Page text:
Welsh Mountain Zoo welcomes its first ever Darwin Rhea chick

The Welsh Mountain Zoo has welcomed its first ever Darwin Rhea chick.

The species, which is threatened with loss, hunting and egg collection in the wild, is known to be particularly challenging to breed in captivity.The Darwin Rhea is part of a group of flightless birds known as ‘Ratites’, which also includes the Emu and Ostrich. The species is known to be a particularly challenging to breed in captivity, marking a double celebration for the Zoo.

The chick, which has been named Suri, the name given to these birds in their native habitat of South America, hatched during lockdown and can be seen by visitors exploring its enclosure always under the watching gaze of mum and dad.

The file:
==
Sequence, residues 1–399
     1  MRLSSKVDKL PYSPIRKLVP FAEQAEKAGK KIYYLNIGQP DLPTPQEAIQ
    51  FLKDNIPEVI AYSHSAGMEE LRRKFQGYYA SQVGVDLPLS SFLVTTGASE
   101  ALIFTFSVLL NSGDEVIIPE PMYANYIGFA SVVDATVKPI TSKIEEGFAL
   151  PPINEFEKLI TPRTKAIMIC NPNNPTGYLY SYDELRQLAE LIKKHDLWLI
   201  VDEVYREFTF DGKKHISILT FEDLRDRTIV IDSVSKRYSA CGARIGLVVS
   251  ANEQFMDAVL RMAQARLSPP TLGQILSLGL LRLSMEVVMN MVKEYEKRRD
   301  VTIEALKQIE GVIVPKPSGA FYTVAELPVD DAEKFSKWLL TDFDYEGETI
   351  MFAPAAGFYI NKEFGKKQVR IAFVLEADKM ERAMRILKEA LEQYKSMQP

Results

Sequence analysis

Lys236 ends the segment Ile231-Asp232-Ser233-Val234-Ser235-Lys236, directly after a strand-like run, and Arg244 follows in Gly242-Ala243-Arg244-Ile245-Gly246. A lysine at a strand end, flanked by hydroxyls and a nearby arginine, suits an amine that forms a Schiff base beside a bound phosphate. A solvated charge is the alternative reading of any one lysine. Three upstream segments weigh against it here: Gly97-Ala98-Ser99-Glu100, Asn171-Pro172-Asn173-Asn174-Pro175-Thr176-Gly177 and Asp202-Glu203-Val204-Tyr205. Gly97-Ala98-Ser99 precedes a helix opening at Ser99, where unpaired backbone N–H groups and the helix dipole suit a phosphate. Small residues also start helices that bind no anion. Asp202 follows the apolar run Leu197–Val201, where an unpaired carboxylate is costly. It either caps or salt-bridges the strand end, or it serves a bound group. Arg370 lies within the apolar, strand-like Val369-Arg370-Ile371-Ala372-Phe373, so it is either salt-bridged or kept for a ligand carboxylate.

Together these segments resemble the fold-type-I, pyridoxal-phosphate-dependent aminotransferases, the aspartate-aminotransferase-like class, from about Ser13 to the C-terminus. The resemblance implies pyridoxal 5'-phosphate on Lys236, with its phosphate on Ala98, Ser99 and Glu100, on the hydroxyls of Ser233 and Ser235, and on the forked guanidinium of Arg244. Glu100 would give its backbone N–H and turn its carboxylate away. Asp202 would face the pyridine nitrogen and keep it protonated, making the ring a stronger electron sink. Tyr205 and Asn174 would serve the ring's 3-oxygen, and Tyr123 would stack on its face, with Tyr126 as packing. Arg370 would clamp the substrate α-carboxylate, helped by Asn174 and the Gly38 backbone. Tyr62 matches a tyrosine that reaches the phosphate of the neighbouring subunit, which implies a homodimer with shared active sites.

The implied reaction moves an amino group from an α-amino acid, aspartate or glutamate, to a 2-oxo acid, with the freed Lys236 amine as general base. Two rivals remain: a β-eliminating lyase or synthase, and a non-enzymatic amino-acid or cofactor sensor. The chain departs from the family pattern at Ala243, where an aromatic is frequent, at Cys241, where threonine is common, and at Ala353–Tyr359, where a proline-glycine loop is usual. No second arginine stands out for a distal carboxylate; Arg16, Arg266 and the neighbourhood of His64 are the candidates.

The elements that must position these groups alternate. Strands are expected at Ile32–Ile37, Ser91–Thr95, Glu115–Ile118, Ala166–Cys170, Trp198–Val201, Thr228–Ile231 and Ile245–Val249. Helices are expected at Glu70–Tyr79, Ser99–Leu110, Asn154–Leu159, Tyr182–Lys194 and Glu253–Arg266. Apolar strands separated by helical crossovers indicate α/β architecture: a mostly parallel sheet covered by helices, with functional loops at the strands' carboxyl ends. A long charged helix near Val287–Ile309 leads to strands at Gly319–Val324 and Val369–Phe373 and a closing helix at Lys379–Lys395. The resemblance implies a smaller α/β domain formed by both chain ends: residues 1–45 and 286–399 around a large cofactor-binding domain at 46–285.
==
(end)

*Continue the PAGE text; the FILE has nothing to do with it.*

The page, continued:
The Darwin Rhea can hit speeds of up to 60 kph. Credit: Welsh Mountain Zoo

Darwin Rheas can lay up to 30 eggs, but unlike most other birds, it is the male that incubates and rears the chicks.

Kim Wood, Director of Living Collections of the Welsh Mountain Zoo commented: “Thisis fantastic news for the Zoo!

"The Darwin Rhea is threatened with loss and fragmentation of habitat, hunting and egg collecting and so breeding in captivity is incredibly important, ensuring we can help conserve the species, by boosting captive populations.

“Mum, dad and baby are all doing well and we are monitoring them closely as the chickcontinues to grow", Kim added.

You can just make out the tiny chick sheltering in its mother's feathers Credit: Welsh Mountain Zoo